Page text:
Crandall challenges the finding that Khosa negotiated the price of the house and that she was not present when this occurred. There is conflicting testimony in the record on this specific fact, and the district court did not clearly err in crediting Khosa’s testimony. Indeed, most of the facts regarding the steps taken to purchase the house are undisputed. First, the parties agreed that they looked at a number of houses together before deciding to buy the house at issue. They agreed that they found it while visiting another property during an open house, at which time they met a realtor who was the father-in-law of the owner of the house that they ultimately bought. Finally, Khosa testified, and Crandall acknowledged, that they both participated in at least some of the negotiation of the purchase price.
Next, Crandall challenges the finding that Khosa’s contribution of $10,000 to the down payment showed that he had an ownership interest and that he ultimately paid half of the $23,066.15 due at closing. Again, we note that certain facts are undisputed as to $20,000 of the down payment. It is undisputed that Khosa paid $10,000 to Crandall’s parents after they gave Crandall $10,000 for the down payment. At trial, the parties stipulated to this fact. Crandall acknowledged that she told Khosa that, because he was not related to Crandall by blood or marriage, she could not accept $10,000 as a gift for the down payment. Instead, the payment would have to go through her parents.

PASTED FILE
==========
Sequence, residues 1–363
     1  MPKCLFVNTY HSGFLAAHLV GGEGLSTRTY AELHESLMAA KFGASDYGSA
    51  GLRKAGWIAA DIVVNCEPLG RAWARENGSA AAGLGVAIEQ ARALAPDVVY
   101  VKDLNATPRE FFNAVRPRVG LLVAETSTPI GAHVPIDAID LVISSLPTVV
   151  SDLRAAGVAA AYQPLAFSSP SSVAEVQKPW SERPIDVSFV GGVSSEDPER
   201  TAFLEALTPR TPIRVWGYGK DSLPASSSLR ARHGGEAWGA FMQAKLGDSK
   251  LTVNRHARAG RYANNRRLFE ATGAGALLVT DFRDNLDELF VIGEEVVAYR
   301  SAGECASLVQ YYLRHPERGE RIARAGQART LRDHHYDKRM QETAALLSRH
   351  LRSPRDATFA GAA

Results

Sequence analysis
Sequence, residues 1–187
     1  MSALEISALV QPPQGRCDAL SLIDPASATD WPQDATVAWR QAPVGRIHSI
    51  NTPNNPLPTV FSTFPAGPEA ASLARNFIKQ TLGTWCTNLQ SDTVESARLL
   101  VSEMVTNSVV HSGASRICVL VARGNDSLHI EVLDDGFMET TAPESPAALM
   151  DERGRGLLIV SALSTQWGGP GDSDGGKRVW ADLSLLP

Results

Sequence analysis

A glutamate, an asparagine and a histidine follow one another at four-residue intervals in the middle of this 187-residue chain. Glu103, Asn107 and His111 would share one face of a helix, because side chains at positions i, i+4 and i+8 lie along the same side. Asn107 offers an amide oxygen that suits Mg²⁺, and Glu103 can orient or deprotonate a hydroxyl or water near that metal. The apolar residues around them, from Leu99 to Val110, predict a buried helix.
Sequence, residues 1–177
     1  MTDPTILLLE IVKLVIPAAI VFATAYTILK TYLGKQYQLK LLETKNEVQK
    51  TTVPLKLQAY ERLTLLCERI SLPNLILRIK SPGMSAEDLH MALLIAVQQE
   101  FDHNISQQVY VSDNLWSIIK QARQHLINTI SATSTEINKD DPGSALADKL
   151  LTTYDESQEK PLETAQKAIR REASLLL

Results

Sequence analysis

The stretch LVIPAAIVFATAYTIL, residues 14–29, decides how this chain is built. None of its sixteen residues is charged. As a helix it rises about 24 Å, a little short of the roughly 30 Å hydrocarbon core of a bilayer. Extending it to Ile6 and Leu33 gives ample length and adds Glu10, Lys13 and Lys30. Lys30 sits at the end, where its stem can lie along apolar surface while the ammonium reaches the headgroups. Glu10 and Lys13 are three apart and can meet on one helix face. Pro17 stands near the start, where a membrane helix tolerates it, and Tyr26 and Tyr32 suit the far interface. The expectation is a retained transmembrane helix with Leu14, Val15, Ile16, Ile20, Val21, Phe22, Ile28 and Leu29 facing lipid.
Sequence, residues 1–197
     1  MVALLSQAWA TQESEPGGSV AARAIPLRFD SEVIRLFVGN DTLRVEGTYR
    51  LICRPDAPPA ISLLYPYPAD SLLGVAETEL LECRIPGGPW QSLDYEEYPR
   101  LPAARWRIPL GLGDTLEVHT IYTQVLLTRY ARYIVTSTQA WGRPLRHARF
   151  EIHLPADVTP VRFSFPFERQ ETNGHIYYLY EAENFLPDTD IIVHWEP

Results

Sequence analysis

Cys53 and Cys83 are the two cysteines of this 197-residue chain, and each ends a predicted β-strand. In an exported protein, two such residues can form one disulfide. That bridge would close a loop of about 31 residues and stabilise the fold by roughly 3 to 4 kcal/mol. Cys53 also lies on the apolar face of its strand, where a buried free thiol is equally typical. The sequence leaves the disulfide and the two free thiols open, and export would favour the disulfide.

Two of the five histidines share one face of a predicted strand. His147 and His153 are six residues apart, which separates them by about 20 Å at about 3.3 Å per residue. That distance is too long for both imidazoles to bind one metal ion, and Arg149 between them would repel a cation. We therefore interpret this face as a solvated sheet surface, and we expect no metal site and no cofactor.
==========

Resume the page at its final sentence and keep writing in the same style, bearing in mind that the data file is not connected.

Crandall testified that Khosa gave the $10,000 payment to her (through her parents) to eliminate her need to pay private mortgage insurance. She argues that she knew nothing of the arrangement that Khosa would pay her parents $10,000 until after the closing. We note that she testified that it was shortly before closing that she knew her parents were giving her $10,000 and that they had an agreement with Khosa. Crandall also cites her parents’ testimony that Khosa gave the money to her parents because he wanted to take care of their daughter and that he did not want his name on the title. In contrast, Khosa testified that the parties had agreed to pay $20,000 as a down payment and that they would each contribute $10,000. On these facts, it was not clearly erroneous for the district court to conclude that Khosa paid $10,000 to Crandall’s parents because he was contributing that amount to pay half of the down payment.